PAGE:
The problem is when it gets too out of hand. Yes, the game doesn't specifically balanced around powergamers, but at the same time, don't go back to what 3.x had where 1 class can efforlessly destroy every obstacle in the game because they aren't paying attention to class balance.
So, there's a few problems here:  1) hd is a bad balancing mechanism.   Yes, it generally corresponds to power, but all it takes is wotc to make one low hd, super regenerating ninja beast to break polymorph.   
2) once wizards get polymorph, many challenges need to be re-though.  Flight, underwater, lakes of acid/lava, stop being a threat to a wizard wi polymorph.   Which makes even a rogue, who is supposed to excel at out of combat, trail behind.  
3) save or die is very powerful against solos.   Suggesting that the dm just awArd less experience just begs the players to do 90 of the hp of the dragon, and wait for the polymorph to wear off to kill the dragon.  

While 1 can be fixed with an xp limit, and number three can be sorta fixed with more saves, #2 is a challenge that I don't see woTC overcoming.   Making the self polymorph level 9 might help, I guess - making more levels before the wizard is the only one who can solve out of combat challenges.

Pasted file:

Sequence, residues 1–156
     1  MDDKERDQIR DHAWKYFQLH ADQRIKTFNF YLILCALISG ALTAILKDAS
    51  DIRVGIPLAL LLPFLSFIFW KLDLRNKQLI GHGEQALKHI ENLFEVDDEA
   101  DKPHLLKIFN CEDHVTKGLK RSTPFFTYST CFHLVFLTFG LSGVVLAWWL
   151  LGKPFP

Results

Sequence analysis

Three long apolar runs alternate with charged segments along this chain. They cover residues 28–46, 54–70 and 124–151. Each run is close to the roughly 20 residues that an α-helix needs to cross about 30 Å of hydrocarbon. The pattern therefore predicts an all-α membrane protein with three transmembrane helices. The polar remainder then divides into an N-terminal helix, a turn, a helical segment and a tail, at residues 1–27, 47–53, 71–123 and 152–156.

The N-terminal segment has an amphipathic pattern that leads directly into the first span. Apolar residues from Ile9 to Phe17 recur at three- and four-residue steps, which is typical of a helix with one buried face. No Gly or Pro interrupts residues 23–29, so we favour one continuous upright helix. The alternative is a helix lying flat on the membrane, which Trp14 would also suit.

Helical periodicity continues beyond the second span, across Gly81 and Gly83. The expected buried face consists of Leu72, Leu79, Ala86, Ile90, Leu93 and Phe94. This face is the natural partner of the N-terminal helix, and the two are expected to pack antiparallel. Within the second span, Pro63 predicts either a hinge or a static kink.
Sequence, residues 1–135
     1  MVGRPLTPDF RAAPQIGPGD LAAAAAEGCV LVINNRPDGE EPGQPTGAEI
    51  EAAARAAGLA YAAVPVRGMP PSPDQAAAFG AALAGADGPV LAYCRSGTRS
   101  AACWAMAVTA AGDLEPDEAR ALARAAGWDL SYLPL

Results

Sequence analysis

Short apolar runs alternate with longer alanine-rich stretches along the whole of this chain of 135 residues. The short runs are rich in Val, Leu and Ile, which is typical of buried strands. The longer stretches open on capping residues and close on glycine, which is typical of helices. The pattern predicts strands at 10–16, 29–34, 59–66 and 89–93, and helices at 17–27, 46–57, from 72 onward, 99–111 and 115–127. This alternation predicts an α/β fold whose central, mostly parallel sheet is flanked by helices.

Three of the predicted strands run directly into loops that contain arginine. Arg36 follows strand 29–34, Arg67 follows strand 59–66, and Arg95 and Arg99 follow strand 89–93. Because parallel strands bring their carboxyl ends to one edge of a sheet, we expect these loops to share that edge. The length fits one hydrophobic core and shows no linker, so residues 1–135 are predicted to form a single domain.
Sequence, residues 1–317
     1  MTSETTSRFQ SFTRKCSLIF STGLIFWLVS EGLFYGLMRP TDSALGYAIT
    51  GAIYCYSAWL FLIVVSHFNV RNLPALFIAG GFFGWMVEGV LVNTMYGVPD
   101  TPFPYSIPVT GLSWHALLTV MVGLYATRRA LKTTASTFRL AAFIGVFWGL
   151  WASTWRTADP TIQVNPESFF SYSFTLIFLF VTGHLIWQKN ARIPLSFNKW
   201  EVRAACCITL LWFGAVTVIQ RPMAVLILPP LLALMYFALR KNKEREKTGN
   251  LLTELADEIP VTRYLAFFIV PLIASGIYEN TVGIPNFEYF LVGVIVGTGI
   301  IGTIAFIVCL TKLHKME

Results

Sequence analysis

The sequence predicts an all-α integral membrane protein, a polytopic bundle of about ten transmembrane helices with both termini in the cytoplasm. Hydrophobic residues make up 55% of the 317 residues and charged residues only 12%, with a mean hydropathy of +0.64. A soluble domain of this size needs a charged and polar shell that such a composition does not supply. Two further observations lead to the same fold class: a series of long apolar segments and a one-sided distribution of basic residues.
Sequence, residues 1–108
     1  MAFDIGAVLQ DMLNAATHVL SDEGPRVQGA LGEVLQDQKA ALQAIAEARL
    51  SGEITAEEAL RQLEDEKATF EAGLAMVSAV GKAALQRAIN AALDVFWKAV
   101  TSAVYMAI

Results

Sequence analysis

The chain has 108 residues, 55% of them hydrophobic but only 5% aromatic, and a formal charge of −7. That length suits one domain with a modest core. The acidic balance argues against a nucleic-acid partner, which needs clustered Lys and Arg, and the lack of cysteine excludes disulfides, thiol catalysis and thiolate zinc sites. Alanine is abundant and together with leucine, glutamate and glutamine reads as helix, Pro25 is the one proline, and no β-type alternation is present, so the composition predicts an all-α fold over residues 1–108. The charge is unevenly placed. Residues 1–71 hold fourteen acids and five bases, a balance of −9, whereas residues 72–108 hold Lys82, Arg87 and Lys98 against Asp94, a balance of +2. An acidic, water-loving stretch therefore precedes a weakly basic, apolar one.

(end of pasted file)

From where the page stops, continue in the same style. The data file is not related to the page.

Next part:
I'd rather see some kind of counting up system. Maybe use the targets constitution in this case. Have the target of the polymorph spell make a save each round while the caster concentrates up to 1 minute. If the target fails they take 1d4 polymorph points. The polymorph points are counted up from 0 and are cumulative. If the polymorph point total reaches the targets constitution score, the target is polymorphed. A willing target can forgo this process.